31. Achieving the fiscal targets will require firm control over discretionary spending and timely adjustments to public tariffs. Containing wage and pension spending and generating adequate surpluses in the public enterprises is key for creating space in the fiscal program for the authorities’ planned increase in social spending. Staff encourages the authorities to work closely with the World Bank and IDB to ensure that the social emergency program is effective and can be phased out as envisaged.

32. Strengthening tax administration will help achievement of the revenue targets and support the forthcoming tax reform. Staff welcomes the actions taken to modernize the domestic revenue service (DGI) and create a large taxpayer unit. The coordination plan between the DGI, the social security bank, and the Ministry of Labor should reverse the recent decline in social security collections. Looking forward, strengthening the institutional capacity of the DGI will help reduce evasion, maximize the benefits of the planned tax reform, and improve the efficiency of revenue collections.

33. A comprehensive tax reform is key to improving the resiliency of the public finances. Staff supports the authorities’ plan to introduce a personal income tax, rationalize the corporate income tax, and streamline the extensive system of tax exemptions and subsidies and large number of small taxes. In this context, the authorities are right to consider reducing indirect taxes only after the tax reform’s revenue impact is properly assessed.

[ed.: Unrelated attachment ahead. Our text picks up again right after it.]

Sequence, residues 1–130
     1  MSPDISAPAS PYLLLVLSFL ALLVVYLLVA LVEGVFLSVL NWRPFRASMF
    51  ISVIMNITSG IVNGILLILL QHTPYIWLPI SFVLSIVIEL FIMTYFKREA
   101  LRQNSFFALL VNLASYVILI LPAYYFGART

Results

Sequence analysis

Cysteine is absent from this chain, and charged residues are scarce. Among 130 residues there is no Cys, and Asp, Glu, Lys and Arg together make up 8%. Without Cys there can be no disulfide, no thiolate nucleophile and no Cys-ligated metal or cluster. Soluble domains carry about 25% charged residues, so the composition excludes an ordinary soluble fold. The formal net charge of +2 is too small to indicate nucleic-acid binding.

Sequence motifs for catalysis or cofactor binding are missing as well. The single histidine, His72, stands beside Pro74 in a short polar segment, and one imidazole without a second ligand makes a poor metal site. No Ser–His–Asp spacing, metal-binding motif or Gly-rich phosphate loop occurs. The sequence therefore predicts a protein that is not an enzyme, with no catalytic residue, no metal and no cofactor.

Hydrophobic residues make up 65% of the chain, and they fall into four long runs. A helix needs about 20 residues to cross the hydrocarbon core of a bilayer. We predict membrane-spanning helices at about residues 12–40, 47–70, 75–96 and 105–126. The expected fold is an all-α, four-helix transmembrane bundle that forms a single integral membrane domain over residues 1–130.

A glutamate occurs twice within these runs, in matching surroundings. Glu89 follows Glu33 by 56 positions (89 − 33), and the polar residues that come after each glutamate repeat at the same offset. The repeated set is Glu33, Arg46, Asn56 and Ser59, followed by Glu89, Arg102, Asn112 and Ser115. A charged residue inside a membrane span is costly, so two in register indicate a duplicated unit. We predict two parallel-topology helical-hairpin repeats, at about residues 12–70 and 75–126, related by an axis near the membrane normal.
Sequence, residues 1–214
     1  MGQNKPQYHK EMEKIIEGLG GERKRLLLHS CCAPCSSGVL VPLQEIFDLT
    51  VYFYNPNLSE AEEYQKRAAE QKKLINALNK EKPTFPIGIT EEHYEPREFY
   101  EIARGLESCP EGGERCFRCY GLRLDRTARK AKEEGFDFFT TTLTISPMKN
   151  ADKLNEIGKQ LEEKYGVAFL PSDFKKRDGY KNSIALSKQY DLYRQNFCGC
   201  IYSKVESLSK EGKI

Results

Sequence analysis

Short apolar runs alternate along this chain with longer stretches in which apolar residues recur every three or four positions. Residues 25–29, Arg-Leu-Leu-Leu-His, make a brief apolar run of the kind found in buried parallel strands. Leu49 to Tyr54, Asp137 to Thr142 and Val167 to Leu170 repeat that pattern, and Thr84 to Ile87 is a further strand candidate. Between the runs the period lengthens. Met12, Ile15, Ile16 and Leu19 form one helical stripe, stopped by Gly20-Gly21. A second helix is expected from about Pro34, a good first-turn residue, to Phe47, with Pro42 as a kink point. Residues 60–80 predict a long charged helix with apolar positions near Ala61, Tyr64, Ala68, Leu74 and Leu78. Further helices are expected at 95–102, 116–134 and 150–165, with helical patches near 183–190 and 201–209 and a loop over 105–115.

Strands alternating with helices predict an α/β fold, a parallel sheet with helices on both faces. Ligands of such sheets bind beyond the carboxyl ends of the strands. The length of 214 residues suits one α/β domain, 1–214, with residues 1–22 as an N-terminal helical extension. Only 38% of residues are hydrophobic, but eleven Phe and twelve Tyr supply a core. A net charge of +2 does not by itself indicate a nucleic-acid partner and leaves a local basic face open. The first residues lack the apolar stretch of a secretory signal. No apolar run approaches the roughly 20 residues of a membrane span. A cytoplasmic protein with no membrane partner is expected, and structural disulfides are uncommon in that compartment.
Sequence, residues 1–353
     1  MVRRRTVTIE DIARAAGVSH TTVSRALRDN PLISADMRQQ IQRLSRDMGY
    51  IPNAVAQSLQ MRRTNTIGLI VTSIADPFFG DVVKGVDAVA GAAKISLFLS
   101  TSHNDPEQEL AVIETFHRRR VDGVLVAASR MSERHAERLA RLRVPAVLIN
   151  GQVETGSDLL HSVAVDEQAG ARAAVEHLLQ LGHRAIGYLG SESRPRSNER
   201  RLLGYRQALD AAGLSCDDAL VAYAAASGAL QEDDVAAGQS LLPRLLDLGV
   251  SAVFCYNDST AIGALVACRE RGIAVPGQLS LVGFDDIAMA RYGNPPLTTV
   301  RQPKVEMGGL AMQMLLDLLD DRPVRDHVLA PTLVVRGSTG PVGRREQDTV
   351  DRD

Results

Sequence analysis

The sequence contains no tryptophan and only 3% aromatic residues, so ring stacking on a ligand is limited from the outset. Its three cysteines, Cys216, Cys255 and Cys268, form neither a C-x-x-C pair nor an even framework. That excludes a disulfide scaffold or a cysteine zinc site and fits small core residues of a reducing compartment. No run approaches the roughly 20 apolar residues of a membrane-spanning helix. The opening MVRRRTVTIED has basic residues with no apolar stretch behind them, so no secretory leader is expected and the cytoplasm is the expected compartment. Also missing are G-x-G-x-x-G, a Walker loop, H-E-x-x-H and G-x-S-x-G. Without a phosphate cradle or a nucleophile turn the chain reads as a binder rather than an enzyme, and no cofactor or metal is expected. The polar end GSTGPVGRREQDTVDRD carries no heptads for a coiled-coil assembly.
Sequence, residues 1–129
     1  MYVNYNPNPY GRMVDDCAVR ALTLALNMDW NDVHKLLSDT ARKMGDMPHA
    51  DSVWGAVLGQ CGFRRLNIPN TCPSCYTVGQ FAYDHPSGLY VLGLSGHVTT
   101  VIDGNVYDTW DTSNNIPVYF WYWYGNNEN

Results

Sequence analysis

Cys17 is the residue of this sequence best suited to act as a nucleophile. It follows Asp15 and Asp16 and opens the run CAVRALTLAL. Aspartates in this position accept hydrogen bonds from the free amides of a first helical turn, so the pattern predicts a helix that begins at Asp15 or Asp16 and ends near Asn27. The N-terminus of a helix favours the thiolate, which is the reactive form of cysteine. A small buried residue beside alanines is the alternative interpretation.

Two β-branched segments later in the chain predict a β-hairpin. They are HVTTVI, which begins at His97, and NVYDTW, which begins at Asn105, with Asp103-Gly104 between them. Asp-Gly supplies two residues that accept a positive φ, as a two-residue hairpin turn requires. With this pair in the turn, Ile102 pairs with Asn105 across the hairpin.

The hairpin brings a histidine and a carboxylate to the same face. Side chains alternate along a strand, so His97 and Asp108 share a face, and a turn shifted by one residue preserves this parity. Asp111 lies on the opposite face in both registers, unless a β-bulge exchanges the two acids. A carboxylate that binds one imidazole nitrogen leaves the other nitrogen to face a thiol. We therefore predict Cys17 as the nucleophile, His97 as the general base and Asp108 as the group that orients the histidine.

34. Pending reforms of the specialized pension funds and second-generation reforms of the general pension system are needed to improve fiscal flexibility. Reforms of the police and military pension funds are long overdue, and staff welcomes the authorities’ intention to follow through on these pending reforms. To eliminate the risk that the weak finances of the bank employees’ pension fund becomes a future fiscal burden, staff encourages the authorities to move expeditiously in reforming this pension plan. Reform of the general pension system will require a broad consensus, which will take time to build; nevertheless, staff welcomes the authorities’ intention to work with the World Bank on possible reforms of the system and urges that, once appropriate measures are identified, they be included in the reform agenda.

35. Staff supports the authorities’ strategy of moving over time toward an inflation-targeting framework for monetary policy. The high priority the authorities have given to strengthening the independence and finances of the central bank is well placed. Staff supports the goal of reducing inflation gradually toward a range of 2½–4½ percent by 2008. The current stance of monetary policy is appropriate, and staff supports the authorities’ intention to maintain the current framework for monetary policy (monetary targets and a flexible exchange rate) until conditions are in place for moving to formal inflation targeting. The programmed buildup in international reserves is needed to bolster reserve coverage of dollar-denominated short-term debt and dollar deposits, and staff encourages the authorities to add to this target should conditions permit.